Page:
Attorneys for six death row prisoners in Arizona filed a lawsuit against state officials Thursday alleging "human experimentation" in executions.
Arizona death row inmate Joseph Wood, one of the plaintiffs, asked a federal court to stop his scheduled July 23 execution, protesting the state's new two-drug protocol.
The 21-page complaint filed in U.S. District Court states the Arizona Department of Corrections plans to use midazolam and hydromorphone for the first time.
Since 2011, Arizona has been using pentobarbital for executions, but the state sent Wood's lawyer a letter in April saying it was using this new combination because it can no longer procure pentobarbital, according to the complaint.
"I really think they're making it up as they go along," Dale Baich, Wood's attorney, told the Los Angeles Times on Thursday. "This type of review is necessary to ensure they're complying with constitutional standards."
The complaint cites the Jan. 16 execution in Ohio of Dennis McGuire that was the first to use this drug combination.
Witnesses to the Ohio execution said "McGuire started struggling and gasping loudly for air, making snorting and choking sounds which lasted for at least 10 minutes, with his chest heaving and his fist clenched. Deep, rattling sounds emanated from his mouth," according to the complaint.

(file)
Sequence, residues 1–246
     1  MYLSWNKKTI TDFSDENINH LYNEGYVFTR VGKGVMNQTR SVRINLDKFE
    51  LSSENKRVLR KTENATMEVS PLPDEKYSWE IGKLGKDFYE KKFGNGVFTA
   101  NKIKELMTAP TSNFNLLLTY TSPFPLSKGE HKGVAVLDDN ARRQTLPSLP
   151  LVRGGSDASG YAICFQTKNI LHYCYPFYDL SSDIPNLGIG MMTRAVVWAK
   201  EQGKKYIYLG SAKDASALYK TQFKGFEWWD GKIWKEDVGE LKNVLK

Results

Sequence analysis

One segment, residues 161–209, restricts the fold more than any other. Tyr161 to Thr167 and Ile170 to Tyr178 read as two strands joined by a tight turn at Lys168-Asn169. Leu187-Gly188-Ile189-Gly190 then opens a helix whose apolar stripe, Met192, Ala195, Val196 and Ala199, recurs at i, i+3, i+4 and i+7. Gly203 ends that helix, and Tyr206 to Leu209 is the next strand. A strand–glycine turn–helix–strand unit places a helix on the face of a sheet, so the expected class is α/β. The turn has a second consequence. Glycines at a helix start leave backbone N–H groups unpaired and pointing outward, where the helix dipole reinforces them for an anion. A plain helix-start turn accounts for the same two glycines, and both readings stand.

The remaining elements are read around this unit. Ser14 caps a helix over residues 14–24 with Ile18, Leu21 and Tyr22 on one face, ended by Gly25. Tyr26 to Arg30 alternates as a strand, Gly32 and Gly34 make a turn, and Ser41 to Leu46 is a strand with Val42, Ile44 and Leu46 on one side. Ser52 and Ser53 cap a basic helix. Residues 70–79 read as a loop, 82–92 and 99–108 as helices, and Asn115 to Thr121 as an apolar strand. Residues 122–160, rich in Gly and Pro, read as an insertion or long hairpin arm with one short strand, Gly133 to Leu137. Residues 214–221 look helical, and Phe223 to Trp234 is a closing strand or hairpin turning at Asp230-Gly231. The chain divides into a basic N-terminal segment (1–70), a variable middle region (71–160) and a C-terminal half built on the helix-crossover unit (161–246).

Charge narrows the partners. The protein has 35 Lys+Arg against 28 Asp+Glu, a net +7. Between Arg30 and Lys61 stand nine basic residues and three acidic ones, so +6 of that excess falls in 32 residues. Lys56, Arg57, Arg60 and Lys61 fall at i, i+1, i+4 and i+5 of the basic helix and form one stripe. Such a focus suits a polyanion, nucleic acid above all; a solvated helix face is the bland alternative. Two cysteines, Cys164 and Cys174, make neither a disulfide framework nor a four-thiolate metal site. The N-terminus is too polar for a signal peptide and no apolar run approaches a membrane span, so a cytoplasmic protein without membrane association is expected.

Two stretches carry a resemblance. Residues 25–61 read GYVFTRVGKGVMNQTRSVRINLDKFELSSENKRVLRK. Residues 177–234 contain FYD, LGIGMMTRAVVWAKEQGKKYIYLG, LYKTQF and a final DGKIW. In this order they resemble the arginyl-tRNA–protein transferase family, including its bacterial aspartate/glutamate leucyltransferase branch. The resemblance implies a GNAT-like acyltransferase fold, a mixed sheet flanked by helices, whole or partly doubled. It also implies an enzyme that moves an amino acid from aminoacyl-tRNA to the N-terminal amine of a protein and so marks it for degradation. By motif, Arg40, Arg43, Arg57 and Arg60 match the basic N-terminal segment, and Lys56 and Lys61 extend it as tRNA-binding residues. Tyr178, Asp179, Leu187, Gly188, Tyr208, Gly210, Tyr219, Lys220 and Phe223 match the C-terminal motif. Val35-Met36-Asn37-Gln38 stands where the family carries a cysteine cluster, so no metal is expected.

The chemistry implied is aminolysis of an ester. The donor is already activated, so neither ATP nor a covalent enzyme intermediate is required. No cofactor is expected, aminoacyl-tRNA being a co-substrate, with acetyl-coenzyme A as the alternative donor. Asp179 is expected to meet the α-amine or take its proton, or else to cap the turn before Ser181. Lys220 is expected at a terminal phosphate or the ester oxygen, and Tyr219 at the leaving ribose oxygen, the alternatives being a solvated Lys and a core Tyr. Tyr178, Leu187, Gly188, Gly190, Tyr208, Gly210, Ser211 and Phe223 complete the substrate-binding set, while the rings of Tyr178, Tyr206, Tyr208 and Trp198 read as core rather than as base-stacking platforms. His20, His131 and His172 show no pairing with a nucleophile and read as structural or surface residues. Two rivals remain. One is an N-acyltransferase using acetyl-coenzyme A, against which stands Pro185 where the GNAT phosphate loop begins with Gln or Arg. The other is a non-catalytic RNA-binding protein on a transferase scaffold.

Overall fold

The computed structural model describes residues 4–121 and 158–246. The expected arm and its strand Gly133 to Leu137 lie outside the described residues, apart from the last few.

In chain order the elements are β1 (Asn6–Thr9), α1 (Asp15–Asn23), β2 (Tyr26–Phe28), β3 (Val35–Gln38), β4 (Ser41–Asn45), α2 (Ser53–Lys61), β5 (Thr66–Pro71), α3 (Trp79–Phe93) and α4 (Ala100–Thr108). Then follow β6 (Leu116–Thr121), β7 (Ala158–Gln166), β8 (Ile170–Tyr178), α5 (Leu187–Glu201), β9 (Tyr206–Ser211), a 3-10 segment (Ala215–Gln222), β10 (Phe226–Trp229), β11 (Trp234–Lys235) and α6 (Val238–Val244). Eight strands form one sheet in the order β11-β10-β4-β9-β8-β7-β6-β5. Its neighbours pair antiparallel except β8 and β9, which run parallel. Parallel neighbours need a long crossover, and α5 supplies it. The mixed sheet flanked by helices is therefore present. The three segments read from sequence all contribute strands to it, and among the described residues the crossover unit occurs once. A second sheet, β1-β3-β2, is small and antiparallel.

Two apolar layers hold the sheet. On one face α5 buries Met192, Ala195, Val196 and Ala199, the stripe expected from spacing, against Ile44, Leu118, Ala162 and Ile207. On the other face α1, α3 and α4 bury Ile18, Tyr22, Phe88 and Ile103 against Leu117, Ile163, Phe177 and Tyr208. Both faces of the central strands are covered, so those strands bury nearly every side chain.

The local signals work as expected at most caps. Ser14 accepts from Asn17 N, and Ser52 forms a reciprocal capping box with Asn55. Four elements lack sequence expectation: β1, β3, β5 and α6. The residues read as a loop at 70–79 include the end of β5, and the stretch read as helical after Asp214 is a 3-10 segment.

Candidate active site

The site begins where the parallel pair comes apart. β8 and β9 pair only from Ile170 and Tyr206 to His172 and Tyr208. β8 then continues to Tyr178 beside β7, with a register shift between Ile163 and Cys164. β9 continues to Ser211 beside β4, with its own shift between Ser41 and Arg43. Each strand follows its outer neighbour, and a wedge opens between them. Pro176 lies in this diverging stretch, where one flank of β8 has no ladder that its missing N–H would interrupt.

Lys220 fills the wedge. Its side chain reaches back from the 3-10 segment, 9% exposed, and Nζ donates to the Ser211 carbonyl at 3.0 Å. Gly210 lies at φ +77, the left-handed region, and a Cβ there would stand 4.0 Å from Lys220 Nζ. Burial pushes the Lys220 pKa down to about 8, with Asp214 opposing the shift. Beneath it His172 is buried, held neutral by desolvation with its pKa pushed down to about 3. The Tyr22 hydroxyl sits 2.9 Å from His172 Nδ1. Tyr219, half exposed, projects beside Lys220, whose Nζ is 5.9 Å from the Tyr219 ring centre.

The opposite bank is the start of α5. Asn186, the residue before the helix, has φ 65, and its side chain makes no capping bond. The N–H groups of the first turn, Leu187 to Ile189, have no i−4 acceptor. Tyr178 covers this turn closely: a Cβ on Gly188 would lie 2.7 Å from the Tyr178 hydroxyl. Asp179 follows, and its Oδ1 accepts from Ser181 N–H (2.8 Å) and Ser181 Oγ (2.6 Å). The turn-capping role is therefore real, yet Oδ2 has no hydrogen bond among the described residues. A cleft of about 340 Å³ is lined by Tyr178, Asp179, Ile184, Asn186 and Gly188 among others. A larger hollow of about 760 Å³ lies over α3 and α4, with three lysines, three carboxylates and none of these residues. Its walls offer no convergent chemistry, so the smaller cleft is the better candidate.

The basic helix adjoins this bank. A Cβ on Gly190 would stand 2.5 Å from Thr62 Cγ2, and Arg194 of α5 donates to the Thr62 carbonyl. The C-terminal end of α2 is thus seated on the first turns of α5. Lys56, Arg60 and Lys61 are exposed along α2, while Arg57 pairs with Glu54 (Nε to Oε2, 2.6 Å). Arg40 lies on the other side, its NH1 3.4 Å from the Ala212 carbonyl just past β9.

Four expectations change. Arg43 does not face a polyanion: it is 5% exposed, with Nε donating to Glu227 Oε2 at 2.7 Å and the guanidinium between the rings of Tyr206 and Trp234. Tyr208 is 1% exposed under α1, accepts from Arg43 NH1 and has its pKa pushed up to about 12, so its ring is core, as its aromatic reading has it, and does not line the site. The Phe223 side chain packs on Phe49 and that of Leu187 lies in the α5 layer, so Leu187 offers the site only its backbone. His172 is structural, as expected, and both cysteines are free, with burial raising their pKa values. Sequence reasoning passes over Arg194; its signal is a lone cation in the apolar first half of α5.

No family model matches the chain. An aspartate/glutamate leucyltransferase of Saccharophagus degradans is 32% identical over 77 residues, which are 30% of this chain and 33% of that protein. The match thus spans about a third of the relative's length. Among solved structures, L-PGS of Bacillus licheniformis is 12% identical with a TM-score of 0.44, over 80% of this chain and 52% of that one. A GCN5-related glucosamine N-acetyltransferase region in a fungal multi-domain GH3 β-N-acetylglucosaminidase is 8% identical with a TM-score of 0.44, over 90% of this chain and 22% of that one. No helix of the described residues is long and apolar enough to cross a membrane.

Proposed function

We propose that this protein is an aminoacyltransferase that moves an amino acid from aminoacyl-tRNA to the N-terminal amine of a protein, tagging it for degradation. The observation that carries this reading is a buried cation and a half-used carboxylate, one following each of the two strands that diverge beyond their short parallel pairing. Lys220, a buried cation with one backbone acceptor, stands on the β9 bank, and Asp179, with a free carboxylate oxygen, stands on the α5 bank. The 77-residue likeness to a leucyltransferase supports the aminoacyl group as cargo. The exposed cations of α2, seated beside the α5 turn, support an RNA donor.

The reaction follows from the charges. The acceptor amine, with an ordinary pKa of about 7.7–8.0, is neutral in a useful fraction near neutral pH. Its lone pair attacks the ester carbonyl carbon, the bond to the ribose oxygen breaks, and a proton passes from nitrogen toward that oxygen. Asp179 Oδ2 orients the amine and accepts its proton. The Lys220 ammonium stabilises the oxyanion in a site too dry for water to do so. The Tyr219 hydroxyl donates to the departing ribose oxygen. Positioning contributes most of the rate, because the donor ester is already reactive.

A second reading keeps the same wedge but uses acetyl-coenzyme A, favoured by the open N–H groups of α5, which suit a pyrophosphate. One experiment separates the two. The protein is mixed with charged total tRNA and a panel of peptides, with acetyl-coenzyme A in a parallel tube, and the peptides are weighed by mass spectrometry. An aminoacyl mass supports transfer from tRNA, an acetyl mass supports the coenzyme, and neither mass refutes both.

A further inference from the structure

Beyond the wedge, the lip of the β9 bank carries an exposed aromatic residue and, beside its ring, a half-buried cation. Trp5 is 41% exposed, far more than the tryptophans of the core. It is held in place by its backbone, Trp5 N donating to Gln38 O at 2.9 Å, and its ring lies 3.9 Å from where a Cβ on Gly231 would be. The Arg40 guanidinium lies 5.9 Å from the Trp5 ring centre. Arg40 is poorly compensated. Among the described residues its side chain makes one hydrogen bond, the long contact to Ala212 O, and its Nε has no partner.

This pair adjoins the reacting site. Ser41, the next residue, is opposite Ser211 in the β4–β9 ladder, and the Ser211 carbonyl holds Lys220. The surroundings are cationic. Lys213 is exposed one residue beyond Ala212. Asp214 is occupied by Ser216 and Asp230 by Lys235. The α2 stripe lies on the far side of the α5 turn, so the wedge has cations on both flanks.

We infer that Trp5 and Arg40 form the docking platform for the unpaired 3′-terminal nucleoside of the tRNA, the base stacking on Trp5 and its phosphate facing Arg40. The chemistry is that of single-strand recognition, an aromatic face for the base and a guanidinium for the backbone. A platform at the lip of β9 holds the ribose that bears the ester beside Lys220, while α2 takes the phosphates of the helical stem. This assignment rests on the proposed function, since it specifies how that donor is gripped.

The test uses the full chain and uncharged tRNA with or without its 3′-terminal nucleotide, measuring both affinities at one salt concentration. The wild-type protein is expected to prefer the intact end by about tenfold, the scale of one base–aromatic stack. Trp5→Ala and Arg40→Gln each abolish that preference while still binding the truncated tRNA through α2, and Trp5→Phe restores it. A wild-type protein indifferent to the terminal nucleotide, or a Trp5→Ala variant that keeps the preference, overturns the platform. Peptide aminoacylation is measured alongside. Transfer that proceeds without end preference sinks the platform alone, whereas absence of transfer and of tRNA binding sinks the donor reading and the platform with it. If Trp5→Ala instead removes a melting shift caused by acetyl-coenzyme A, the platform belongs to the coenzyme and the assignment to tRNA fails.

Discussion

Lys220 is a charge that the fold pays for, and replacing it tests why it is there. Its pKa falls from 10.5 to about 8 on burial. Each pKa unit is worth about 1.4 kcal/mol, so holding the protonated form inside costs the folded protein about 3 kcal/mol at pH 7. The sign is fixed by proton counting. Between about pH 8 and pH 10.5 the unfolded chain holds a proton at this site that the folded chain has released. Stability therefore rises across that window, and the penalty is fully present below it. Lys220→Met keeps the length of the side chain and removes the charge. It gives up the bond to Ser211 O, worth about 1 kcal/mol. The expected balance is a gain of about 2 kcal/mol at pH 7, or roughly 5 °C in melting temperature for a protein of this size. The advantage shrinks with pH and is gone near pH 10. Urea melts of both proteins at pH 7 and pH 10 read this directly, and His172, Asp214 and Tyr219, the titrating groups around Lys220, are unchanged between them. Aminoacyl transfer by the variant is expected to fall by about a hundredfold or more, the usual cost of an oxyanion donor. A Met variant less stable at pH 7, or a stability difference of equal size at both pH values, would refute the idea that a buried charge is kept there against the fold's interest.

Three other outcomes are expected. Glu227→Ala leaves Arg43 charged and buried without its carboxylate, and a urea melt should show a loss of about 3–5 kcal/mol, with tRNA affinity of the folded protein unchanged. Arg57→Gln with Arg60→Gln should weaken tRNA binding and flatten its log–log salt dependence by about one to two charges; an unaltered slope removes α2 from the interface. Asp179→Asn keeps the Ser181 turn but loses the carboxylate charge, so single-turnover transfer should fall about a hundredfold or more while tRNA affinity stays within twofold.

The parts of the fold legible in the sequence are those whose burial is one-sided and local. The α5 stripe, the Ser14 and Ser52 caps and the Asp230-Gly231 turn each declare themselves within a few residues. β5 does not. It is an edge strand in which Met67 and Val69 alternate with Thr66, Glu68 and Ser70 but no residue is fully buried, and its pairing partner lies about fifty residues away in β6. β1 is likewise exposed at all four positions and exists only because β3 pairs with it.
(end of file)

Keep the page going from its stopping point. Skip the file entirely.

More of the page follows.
Ohio's executions are temporarily on hold while a federal court reviews the state's execution protocol.
The complaint also states that nearly one-third of the executions using midazolam have had problems, citing the executions of Clayton Lockett in Oklahoma and William Happ in Florida. These executions went wrong in similar ways -- the prisoner appeared to fall asleep but then started moving again.
The Arizona attorney general's office said they were in the process of reviewing the complaint, and would not provide further comment.
Wood, 55, was sentenced to death for killing his estranged girlfriend and her father at a Tucson auto-body shop in 1989.
Two of the attorneys for this lawsuit also have clients in Oklahoma and were part of the lawsuit filed Wednesday against Oklahoma regarding its execution protocols.